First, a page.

|A closeup of the right panel of The Garden|
of Earthly Delights, depicting Hell as a place
of horrors for those who misbehave in life.
By Hieronymus Bosch (c. 1450-1516).
Biologically, humans share social instincts with the rest of our primate cousins which include a deep seated sense of equity in relations. This gives many primates an innate sense of fairness. Part of that sense includes an instinctive desire to inflict retribution on those who have 'broken the rules' of behavior.
[Explore further: Researchers First to Recognize Sense of Fairness in Nonhuman Primates]
As we all know, these impulses can at times turn into obsessions, but even in mild cases it is possible to be consumed by these hateful desires. Certainly, the kind of retributions that might satisfy our emotions are not always possible, so being wrapped up in this sort of thing will impact our long term happiness and equanimity in life.
The Christian worldview, especially by the Medieval era, is almost entirely based around a grand cosmic architecture of sins, sacrifices, judgments, and punishments - the end result of a maddening intellectual gymnastic to satisfy that deep need to believe that evil doers will get their due, and good doers will get their rewards. This retributive cosmic code is so deeply woven into the Christian worldview that God himself seems unable to overcome it. All Christians know the story about God having to sacrifice his own Son to atone for the sins of humanity, but no one ever asks who made up these strange cosmic rules - rules where a certain subset of human behaviors have some effect on where souls can travel, and - even more strange - that the shedding of blood can somehow account for them? Turning these rules into supernatural physics and separating them from (and imposing them over) God's will has been a modern interpretation to make God seem less whimsical and unjust, but I digress. Christianity can't be solely to blame for its bizarre cosmic mythos. Retribution-based cosmic architectures are found in all the Abrahamic religions, and can be traced back to Zoroatrian roots, which were big on picturing all of reality in terms of a grand struggle between good and evil, imagining these human notions to be burned into the workings of the cosmos.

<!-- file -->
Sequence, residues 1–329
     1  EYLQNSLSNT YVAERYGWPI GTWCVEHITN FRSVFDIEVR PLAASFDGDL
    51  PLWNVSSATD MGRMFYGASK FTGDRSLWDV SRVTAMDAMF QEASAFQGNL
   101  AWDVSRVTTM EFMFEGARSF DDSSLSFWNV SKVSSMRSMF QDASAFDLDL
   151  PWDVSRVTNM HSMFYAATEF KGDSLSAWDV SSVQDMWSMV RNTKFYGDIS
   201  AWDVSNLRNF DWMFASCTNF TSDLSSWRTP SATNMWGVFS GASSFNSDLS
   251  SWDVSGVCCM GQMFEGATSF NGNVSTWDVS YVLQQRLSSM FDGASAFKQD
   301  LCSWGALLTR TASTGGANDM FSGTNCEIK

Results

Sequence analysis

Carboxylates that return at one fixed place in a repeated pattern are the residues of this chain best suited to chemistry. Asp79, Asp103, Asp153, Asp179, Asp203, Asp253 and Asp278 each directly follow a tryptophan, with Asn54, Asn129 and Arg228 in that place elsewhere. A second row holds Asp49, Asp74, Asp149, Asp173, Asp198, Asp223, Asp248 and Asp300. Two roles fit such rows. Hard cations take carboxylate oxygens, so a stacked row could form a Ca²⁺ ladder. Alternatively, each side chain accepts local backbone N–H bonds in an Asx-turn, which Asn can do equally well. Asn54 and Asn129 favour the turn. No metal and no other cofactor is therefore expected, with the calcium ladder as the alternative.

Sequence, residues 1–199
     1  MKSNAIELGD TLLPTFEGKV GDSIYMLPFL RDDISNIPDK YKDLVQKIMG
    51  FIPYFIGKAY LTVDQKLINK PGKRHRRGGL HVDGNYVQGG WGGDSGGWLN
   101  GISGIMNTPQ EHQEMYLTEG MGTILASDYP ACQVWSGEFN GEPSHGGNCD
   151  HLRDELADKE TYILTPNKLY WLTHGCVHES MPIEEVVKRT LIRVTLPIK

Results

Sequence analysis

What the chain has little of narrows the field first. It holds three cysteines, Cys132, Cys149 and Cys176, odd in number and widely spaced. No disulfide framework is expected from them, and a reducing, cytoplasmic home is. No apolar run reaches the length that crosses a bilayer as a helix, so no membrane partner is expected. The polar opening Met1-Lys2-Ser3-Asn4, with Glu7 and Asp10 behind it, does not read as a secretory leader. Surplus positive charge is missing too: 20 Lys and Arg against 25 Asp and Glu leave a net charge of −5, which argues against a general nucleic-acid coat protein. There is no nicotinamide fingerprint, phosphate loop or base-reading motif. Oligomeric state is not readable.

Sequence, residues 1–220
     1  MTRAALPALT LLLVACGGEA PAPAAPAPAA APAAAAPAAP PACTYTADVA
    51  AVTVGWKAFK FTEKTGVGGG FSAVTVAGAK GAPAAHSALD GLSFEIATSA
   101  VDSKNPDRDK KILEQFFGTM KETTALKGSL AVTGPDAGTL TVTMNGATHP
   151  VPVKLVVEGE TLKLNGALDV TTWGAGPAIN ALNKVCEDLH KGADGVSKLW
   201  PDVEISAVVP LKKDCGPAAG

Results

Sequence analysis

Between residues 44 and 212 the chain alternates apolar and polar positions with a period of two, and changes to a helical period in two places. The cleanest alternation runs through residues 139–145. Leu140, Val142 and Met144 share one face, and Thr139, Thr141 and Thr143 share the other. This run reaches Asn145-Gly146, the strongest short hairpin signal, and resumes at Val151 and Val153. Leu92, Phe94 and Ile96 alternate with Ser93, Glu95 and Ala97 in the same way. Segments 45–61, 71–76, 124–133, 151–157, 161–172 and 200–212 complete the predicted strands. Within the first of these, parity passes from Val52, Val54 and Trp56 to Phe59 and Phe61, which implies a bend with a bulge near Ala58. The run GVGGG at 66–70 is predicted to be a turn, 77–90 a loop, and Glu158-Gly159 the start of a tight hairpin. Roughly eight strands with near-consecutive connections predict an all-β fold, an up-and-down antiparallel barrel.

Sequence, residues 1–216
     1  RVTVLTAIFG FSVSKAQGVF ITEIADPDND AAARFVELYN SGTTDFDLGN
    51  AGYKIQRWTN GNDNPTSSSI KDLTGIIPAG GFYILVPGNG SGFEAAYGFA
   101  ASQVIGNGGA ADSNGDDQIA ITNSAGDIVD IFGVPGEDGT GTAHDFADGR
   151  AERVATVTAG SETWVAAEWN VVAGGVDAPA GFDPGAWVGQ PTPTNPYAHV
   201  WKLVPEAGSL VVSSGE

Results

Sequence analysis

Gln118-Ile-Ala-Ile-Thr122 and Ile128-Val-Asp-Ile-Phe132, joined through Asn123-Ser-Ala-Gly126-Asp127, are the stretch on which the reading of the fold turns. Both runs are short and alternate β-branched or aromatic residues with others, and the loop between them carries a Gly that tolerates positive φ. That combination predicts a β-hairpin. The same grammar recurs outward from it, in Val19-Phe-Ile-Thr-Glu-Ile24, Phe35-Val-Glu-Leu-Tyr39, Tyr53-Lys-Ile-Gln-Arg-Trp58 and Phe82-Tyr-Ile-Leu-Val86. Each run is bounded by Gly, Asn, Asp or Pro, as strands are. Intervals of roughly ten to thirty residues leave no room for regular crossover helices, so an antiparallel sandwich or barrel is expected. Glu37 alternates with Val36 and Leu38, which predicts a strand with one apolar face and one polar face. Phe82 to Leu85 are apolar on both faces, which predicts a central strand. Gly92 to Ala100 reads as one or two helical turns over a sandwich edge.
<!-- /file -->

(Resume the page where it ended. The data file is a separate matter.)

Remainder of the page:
But ancient philosophies, East and West, are pre-Abrahamic and don't quite share such a strong focus on comeuppance. It should be no surprise then, that as we move our perspective outside of that Medievalism, the importance of retribution begins to diminish in our value system. But what takes its place?
Even karma has been framed as a kind of magical scorecard which deals out punishments for misdeeds, but this is a mistaken view of the concept. This misperception exists among many Eastern practitioners themselves who don't know their own religion well, and the misunderstanding is even worse when seen through Zoroastrian-influenced Christian Western eyes. When many Westerners try to understand karma, they keep the cosmic judging thing, and simply replace God with 'the universe'. But karma is not a retributive, judging, or punishing phenomena - and it is not a cosmic Santa's list.
I will not get into a full explanation of karma here and now (for that, readers can see my longer essay A Naturalistic Approach to Buddhist Karma & Rebirth). Rather, in part 2, I'd like to take a naturalistic worldview, and outline the many ways that bad people do suffer.
[Read Part 2]